Treatment processCatalyst dosageReaction time (min)Initial COD (mg L−1)Final COD (mg L−1)COD removal (%)Initial TVC (CFU mL−1)Final TVC (CFU mL−1)TVC removal (%)
UV 12 W, 254 nm 60 55 44 20 2 × 103 10 × 103 80 
UV/H2O2 40 mg L−1 40 55 19 65 2 × 103 3 × 101 98 
UV/PS 3 mM L−1 60 52 18 65 5 × 105 4 × 101 99 
UV/PMS 0.5 mM L−1 40 59 16 72 7 × 103 100 
UV/Fe2+ 15 mg L−1 15 34 06 94 28 × 105 51 × 102 99 
UV/H2O2/Fe2+ 5 mg L−1 10 34 00 100 28 × 105 5 × 102 100 
UV/Fe2O3 75 mg L−1 20 32 00 100 12 × 103 27 × 101 98 
UV/H2O2/Fe2O3 50 mg L−1 10 38 04 89 12 × 103 4 × 101 99 
UV/MnO2 50 mg L−1 20 48 04 90 10 × 103 4 × 101 99 
UV/H2O2/MnO2 50 mg L−1 10 28 00 100 25 × 103 12 × 101 99 
UV/TiO2 10 mg L−1 30 44 04 90 17 × 103 108 × 101 93 
UV/H2O2/TiO2 35 mg L−1 10 50 04 92 12 × 103 7 × 101 99 
Figure 2

Efficiency of photolytic and photocatalytic processes for simultaneous decontamination and disinfection.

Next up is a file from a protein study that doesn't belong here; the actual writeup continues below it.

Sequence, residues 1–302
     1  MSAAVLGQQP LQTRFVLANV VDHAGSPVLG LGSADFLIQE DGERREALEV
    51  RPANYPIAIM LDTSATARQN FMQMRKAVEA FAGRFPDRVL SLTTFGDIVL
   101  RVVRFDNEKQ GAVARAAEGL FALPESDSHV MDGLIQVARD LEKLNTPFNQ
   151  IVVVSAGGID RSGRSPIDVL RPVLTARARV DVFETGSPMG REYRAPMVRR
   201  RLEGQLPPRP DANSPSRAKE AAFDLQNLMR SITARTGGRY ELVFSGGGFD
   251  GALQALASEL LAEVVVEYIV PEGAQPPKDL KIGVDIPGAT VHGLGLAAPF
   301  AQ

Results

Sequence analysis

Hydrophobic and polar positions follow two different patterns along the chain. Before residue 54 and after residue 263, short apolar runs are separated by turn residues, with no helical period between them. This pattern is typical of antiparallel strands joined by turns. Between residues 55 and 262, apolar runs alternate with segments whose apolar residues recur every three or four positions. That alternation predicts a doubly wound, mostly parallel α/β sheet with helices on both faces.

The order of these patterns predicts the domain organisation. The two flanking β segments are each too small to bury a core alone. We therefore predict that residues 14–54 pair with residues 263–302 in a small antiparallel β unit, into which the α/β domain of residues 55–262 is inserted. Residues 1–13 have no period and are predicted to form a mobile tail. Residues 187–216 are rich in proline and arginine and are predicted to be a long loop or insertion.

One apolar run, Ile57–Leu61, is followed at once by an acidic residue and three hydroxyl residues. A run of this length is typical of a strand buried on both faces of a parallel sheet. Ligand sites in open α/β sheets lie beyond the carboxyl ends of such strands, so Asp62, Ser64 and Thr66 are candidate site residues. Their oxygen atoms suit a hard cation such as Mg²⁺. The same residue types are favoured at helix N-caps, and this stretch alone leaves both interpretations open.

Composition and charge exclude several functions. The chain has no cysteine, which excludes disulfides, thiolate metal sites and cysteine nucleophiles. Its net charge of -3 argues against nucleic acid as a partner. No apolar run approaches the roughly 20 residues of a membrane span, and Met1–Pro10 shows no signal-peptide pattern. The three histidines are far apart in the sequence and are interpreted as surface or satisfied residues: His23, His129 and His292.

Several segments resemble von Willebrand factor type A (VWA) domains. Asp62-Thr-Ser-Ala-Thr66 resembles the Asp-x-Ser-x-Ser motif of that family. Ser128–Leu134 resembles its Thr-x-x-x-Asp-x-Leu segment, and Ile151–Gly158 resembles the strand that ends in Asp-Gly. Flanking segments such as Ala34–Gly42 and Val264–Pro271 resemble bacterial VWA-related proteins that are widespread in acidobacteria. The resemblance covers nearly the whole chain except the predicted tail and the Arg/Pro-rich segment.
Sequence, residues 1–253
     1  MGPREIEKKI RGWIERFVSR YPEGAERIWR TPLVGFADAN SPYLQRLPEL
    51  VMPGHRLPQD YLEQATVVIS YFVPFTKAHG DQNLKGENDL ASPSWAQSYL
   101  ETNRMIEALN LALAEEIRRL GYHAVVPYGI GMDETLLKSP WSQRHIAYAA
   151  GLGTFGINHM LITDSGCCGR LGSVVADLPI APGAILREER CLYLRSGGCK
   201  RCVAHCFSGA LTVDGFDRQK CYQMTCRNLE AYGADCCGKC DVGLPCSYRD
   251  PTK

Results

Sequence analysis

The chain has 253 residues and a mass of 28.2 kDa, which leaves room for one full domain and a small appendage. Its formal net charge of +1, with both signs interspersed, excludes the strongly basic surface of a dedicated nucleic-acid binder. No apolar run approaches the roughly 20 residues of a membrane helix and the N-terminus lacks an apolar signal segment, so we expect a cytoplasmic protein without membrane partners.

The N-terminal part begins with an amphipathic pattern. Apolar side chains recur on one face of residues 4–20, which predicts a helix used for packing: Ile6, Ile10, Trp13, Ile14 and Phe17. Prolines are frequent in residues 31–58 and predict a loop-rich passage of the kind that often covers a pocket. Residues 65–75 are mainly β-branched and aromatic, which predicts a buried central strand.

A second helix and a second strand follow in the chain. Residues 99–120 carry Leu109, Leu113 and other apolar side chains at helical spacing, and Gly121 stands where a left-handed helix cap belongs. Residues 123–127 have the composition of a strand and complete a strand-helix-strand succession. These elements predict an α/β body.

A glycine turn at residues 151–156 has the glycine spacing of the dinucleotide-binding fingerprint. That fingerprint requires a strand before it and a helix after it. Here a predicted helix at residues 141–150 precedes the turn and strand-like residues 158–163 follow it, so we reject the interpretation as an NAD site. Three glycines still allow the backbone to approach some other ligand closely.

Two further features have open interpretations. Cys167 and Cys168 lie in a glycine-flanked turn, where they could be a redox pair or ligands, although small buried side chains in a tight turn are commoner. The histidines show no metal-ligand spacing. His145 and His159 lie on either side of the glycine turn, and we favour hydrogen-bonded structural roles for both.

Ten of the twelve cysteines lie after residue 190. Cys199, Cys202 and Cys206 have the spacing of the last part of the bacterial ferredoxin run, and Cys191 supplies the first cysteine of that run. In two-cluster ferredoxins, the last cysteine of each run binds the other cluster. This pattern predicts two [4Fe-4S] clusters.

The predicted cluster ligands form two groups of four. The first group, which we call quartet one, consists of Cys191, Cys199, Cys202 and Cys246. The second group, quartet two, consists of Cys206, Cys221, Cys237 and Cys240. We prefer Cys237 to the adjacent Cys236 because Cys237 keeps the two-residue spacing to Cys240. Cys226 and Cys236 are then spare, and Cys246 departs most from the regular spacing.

Figure 2

Efficiency of photolytic and photocatalytic processes for simultaneous decontamination and disinfection.

Close modal

Under batch optimization studies, the UV/H2O2 experiment showed COD removal and inactivation of TVC as 65 and 98% in 40 min with an H2O2 dosage of 40 mg L−1, respectively. The UV/PS experiment showed COD removal and inactivation of TVC of bacteria at 65 and 99% in 60 min of reaction time with a PS dosage of 3 mM L−1, respectively. The UV/PMS showed COD removal and inactivation of TVC as 72 and 100% in 40 min with 0.5 mM L−1 of PMS dosage, respectively. The higher removal of POPs and pathogens by PS and PMS systems is associated with their lower O-O bond energy (140 kJ mol−1) than H2O2 (213 kJ mol−1) which favored higher activation of PS/PMS by UV irradiation (Yang et al. 2019). Additionally, irradiation of UV is sufficient to break the O-O bond in the PS/PMS, and results in higher radical generation (Ghanbari & Moradi 2017). Contrastingly, usage of higher concentrations of PMS (>3 mM L−1) results in a gradual decrease in the pH of the solution (e.g., below 3); therefore, further steps to neutralize the pH of the treated solution are necessary.